New Super Mario Bros. Was Originally To Be Super Mario Advance 5

By Ishaan . December 12, 2010 . 6:01pm


When current Nintendo president, Satoru Iwata, first joined the company, he looked at a list of games in development for the Gameboy Advance. Noticing little Mario support on the list, he suggested to Mario creator, Shigeru Miyamoto, that they address the issue.


This is how the Super Mario Advance series came to be. The series originated as a project with the goal of adapting older Mario games for the GBA, under the care of Hiroyuki Kimura, and saw the release of Super Mario Bros. 2, Super Mario World, Yoshi’s Island and Super Mario Bros. 3 on the GBA.


After the advent of the Nintendo DS, Kimura thought to produce a "Super Mario Advance 5" on the system. Ultimately, this game was conceived as New Super Mario Bros., of which Kimura was producer. As soon as development of the game was completed, Kimura moved on to New Super Mario Bros. Wii.


This little fact comes from yet another Iwata Asks session celebrating Mario’s 25th anniversary. This interview sees Iwata talking to other Mario game developers over the years, including Yoshiaki Koizumi, director of Super Mario Galaxy.


At one point, Koizumi happily demonstrates for everyone how, during the development of Super Mario 64, Miyamoto once sprawled himself out on a desk and began demonstrating Mario’s swimming animation for him to observe.

  • lostinblue

    Considering all the other super mario advance games were straight ports they did well in naming itsomething else.

    • Code

      Agreed, I’ve never particularly liked those kind of naming schemes — I feel like it takes a little away from the individual identity of a game.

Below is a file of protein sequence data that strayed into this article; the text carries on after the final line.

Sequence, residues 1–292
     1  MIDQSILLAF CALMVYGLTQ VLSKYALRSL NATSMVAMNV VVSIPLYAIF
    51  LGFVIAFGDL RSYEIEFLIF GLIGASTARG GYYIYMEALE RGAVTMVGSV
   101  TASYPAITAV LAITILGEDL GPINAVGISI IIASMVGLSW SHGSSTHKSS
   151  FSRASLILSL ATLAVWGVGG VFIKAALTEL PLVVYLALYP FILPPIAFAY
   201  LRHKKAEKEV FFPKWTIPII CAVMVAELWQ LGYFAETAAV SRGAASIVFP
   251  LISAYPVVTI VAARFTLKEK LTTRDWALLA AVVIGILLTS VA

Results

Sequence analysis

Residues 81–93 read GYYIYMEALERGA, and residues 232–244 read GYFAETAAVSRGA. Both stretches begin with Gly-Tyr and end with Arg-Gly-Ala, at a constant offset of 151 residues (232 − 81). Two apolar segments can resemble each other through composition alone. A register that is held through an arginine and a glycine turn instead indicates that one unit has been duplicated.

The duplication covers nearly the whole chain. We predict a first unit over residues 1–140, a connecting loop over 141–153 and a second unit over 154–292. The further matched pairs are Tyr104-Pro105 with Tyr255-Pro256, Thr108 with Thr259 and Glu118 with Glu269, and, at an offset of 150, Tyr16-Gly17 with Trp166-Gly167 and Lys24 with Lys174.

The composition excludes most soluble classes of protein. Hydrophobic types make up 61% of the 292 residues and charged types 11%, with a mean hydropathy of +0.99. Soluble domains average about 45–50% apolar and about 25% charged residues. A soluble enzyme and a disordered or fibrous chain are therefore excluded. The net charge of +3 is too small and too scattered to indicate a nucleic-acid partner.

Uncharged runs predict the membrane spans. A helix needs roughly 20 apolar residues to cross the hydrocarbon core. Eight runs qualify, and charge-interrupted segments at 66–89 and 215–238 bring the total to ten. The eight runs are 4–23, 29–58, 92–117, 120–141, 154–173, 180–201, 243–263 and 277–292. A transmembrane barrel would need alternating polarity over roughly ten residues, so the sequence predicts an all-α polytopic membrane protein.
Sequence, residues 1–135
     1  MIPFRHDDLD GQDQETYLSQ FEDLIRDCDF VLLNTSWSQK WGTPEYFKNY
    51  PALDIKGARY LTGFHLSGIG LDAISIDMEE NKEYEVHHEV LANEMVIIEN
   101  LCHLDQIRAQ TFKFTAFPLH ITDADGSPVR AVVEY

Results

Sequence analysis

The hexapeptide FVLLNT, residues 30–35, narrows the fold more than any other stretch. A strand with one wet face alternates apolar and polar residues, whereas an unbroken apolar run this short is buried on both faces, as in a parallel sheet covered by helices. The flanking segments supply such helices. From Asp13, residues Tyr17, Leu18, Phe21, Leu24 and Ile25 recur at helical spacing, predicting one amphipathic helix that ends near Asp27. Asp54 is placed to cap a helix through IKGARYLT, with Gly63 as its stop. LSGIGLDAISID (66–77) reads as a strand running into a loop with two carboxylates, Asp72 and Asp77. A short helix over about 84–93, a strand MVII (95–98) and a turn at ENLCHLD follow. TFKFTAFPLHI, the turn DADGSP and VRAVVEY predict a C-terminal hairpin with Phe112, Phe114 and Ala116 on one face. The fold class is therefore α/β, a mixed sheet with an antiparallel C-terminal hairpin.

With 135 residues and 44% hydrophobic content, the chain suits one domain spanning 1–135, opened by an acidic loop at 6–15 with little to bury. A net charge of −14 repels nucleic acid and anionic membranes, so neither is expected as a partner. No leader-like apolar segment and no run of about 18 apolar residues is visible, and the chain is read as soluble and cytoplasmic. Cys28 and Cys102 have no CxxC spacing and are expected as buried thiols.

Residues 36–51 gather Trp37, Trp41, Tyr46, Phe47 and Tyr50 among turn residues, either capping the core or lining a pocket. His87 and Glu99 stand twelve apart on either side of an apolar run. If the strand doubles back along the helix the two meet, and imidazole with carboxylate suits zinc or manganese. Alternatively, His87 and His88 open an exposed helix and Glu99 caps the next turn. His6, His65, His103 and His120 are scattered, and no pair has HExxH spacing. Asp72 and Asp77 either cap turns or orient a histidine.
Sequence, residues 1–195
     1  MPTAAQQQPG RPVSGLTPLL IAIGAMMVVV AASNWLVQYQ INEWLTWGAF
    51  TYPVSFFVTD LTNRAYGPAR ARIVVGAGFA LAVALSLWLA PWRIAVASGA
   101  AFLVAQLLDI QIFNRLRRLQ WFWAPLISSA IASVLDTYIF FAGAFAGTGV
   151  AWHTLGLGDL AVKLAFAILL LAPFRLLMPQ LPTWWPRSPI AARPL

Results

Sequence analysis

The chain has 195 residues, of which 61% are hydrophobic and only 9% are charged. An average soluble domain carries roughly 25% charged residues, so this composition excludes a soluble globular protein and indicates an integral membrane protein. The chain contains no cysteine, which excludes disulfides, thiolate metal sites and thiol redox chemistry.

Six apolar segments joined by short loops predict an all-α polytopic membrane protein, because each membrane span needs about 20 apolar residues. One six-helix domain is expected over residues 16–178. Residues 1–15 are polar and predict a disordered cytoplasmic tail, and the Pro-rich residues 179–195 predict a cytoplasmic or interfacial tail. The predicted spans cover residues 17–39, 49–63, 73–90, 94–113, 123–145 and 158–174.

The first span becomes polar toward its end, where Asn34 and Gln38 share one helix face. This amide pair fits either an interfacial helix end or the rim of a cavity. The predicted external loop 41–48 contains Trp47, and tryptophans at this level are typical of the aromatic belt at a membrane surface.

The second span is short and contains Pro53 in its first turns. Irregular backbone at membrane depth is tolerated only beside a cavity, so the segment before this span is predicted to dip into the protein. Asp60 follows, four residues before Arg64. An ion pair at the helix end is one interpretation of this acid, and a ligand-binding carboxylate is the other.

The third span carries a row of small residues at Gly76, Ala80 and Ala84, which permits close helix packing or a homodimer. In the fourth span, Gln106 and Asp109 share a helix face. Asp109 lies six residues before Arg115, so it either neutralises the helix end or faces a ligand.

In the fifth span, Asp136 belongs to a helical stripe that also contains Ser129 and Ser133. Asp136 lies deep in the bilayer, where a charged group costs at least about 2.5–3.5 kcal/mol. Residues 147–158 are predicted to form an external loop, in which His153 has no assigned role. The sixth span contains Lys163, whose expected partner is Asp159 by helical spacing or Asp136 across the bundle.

• I had a good time with New Super Mario Bros Wii. I never tried any of the handheld mario offerings. Though if NWSMBW had its origins on it, then it must have been a great experience on the handheld especially the multiplayer component. Me and my roommates had an awesome time, though they always called me selfish with the powerups, and one of them would always try to throw me to my death, and another would always try to speed run in the level, it was crazy.

    • shion16

      Its a great game and a funny way to spend with friends
      my only complain was that it was too easy , except for the last world

  • M’iau M’iaut

    Nintendo should get more credit for their willingness to adapt in development properties as systems evolve. In addition to this example, you’ve got Super Mario Galaxy going all the way back to a SM64 sequel and both initial Zelda’s for the GC and Wii.

    By doing this. Ninty always has major franchises ready to go for a new system either at or near launch. And with a dev cycle that is further along than immediately obvious, the quality of these first party flagship titles can be quite high.

  • “At one point, Koizumi happily demonstrates for everyone how, during the development of Super Mario 64, Miyamoto once sprawled himself out on a desk and began demonstrating Mario‚Äôs swimming animation for him to observe.”

    Man if they had recorded that (and other bizzare behind the scenes stuff) and put that on a disk as part of the Super Mario All-Stars 25th anniversary, that would have made me buy it :D.

    • Avojavo

      It’s hard to find a boss who’s willing to make a fool of himself. Ah, what I’d do to work in such a corporate culture…

  • malek86

    And thus, we never got an original 2D Mario on the GBA.

    I must say that, in retrospect, the Advance feels a bit like the stepchild of Nintendo’s portables, even from Nintendo themselves. Many of its games were SNES ports rather than original titles, and the GC connectivity was almost universally ignored. It also had a pretty short lifespan overall, with the DS being announced fairly quickly, only four years after release. It’s like they made zero effort with it, and after a while didn’t even want to bother anymore.

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